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No doubt. I don't own a "classic" Hawken halfstock (yet...), but would love to have one, well built and historically correct. However, my impression has been that Mr. Kibler is a flintlock specialist, and in fairness there are already some talented people producing Classic Hawken halfstock rifles... Mr. Bergmann and Mr. Selb, to name two. While either of those two gentlemen could and no doubt do build a few Hawken-styled flintlock rifles, I believe a top quality flintlock Hawken fullstock, in the form of a precision kit, would probably be very well received by blackpowder shooters and would very likely be a good seller for Mr. Kibler.

Whether he goes with a flintlock or percussion, fullstock or half, Mr. Kibler's reputation for quality will probably enable him to sell all he cares to produce.

I'm already in the queue for a percussion Hawken halfstock by one of the builders mentioned above. If Mr. Kibler comes out with a Hawken flintlock full stock kit, I would be very interested.

Notchy Bob
True but a Selb’s Hawken will cost a man north of $3000.

I should know, I’ve one on order.

If he could keep the pricing of a caplock Hawken kit around the $1100 his other kits go for (I can’t see why he couldn’t) he’d sell a ton. People know his kits are top notch with cream of the crop components and will have correct architecture with all the correct details.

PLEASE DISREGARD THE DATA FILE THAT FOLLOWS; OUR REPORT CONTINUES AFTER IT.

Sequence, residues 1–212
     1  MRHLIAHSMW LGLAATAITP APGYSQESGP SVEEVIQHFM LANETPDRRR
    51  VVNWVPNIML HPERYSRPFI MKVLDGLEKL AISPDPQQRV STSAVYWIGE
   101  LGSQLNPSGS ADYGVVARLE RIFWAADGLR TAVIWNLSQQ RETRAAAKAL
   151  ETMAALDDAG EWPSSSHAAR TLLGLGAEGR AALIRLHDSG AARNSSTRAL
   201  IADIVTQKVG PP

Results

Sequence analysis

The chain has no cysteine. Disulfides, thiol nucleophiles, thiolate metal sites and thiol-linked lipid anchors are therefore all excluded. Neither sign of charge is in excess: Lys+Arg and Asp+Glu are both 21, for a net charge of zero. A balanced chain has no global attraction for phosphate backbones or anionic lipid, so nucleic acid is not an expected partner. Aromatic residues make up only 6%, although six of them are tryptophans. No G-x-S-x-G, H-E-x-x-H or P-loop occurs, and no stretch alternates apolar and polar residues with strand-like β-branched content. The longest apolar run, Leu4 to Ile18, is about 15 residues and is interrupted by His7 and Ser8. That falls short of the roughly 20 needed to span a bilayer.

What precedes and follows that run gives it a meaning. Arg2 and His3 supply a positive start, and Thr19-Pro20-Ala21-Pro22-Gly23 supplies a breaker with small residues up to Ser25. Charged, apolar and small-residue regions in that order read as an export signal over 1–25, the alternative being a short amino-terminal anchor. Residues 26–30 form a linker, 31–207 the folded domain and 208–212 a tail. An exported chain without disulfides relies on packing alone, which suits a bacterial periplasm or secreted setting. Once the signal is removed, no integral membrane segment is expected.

In order to get than now, Selb, Bergman, et al. can provide but frankly it costs a fortune. Other than that you have the Pedersoli’s and below that the Lyman’s. They sell a ton of them. Having such an amazing and easily assembled kit in the Pedersoli price range, that will lend a gun far better than anything Italy has ever produced, is a no brainer and a game changed for the Hawken field.

Again, people really want the caplock Hawkens. All of his other guns are flintlocks and there are gobs of caplock shooters out there. A full stocked flintlock Hawken is an enthusiast’s venture. Not many outside the most dedicated segment of the sport even know that configuration exists. Jeremiah Johnson didn’t carry one right?

If Jim wants to break into the masses, he’ll make his Hawken in calibers ranging from .45-.58 or so, half-stock, and percussion.
 

Prairieofthedog

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While Jim K. certainly has a Hawken kit in mind for the future, it's gonna be a while. The kits he makes now,he can't build them fast enough, and now he is building his own locks and rifling barrels.Don't know if he has supply issues from Covid but very well could.Anyway a Fowler is coming first and that may take till next year.That's from the Horse's mouth,he sends out videos or e-mails occasionally.